Funny, he does't look Balinese-ish...bless you

A Moment’s Rumination on Dr. Goldfarb…

(or how I learned to stop questioning my move and love the Balinese)


As Jori was doing headstands in the corner of the rattan clad loft of the backpacker bar in Ubud, Bali, I was reassuringly slugging back Arak Mudu and reassuring Will, for the 3rd time, that beating cancer then moving your family to the farthest place from the town in which said cancer festered to build a career, regain international notoriety and have a new restaurant on the way was, as I think I said, “pretty fucking hot”.

“Yeah,” he replied, “I guess so.  I mean…I’d fuck me.”

Jori, uprighted, rejoined the conversation and I ordered another round of Arak as they entered into the specifics of curing and steeping tobacco leaves.

Will often questions his moves, or, at least, when we chat we look for reinforcement from one another…the trusted nod –the go ahead—willing the path less travelled. 

I know that lingering in the back of his mind he knows, and he’s right, that his prodigious talent (easy) could carry a restaurant in any city anywhere in the world…and we don’t always want our escapism to read as escapism.  I get it…and tell him so.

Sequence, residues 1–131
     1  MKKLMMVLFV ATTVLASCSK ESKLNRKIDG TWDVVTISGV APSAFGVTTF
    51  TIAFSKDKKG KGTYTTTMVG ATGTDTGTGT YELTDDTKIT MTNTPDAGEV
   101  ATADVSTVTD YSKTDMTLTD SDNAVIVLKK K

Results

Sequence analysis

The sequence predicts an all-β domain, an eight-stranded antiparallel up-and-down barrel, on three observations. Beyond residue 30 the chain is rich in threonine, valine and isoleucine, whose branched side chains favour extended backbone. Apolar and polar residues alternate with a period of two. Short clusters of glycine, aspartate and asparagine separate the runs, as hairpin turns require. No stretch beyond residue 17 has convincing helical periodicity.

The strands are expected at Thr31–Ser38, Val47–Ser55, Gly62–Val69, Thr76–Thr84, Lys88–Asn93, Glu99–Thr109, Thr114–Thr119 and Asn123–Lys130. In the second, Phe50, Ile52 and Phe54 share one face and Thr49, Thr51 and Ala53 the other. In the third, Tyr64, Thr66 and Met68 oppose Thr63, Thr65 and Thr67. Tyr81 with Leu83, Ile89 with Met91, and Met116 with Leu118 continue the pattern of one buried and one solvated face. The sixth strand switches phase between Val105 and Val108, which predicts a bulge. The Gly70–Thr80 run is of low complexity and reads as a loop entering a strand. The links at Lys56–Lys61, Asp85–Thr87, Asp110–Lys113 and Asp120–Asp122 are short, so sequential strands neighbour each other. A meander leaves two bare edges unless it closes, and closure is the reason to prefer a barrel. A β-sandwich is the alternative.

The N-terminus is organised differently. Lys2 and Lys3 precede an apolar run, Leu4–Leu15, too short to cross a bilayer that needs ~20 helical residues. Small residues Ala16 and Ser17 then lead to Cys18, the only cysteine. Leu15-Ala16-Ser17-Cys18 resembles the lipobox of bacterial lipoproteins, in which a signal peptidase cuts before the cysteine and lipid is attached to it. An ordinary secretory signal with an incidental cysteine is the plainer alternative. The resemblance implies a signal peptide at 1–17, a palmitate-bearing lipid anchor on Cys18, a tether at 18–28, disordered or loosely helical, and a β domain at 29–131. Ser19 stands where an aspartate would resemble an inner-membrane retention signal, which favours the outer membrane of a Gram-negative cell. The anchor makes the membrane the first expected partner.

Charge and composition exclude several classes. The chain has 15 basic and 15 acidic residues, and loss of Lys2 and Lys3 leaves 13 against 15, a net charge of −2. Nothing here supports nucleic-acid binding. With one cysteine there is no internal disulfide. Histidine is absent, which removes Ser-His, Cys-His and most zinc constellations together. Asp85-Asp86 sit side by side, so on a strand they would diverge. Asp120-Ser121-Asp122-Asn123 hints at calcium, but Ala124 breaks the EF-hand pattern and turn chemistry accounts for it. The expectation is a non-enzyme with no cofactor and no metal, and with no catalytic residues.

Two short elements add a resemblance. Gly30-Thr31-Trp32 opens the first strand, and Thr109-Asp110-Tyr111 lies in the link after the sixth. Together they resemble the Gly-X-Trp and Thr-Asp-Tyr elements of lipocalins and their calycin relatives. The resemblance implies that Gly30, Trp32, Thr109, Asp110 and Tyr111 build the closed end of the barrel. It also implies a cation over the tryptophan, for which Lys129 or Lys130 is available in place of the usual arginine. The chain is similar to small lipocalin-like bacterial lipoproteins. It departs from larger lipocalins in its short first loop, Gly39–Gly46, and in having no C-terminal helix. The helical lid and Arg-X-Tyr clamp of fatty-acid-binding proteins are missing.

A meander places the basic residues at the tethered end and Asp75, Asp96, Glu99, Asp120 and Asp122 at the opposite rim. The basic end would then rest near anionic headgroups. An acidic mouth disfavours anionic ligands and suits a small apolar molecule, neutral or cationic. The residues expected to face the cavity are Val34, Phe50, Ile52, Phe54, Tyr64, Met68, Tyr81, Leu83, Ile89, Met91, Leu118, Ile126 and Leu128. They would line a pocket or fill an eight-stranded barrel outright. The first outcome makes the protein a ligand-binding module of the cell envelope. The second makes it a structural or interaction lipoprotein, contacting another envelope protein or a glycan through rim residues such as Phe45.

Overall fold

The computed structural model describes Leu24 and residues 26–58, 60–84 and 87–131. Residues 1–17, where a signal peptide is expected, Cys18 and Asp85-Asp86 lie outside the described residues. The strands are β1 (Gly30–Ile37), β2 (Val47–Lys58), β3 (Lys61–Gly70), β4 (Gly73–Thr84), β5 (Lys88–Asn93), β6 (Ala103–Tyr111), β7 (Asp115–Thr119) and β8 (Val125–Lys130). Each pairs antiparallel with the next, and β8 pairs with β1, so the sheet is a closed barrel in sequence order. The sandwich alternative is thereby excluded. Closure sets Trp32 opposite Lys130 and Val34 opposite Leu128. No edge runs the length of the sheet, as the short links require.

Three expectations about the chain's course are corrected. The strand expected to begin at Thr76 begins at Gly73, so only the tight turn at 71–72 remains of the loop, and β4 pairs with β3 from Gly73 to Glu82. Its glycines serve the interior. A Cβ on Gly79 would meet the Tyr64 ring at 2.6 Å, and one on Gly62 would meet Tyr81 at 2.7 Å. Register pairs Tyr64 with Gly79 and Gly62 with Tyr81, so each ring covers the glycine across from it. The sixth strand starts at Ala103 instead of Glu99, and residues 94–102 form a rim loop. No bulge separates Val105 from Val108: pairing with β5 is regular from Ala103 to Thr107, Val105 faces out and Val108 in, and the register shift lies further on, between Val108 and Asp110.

But who gives a fuck.  If you’re cooking well and happy then to whom, I ask, must you apologize. 

The Balinese pantry is reason enough to decamp from the grey tones of New York and build a life elsewhere.

Creativity seems to be flowing easily for Goldfarb…cooking as he is in an incredibly pure sense.

A panna cotta of sorts, no sugar, just coconut milk and aloe vera, gently cooked sets: a delicately trembling cream

From the guy who brought us WillPowder to an almost outright rejection of modified starches and hydrocolloid abuse.

The toys are there, but the simplicity in which they’re applied is where his next phase is evident….

A Pomelo “jam”:

Juiced pomelo, zest and pulp spun in the homogenizer then slowly cooked in the vacuum chamber of the rotary evaporator to the deglaze the fragile pomelo segments with the concentrated water that is pulled off in the distilling process.

As he says, “it’s different, not a deep, rich jam, bright, but a jam nonetheless”

It’s thoughtful and involved.

A man who loves process, dare I say, perhaps more than the result.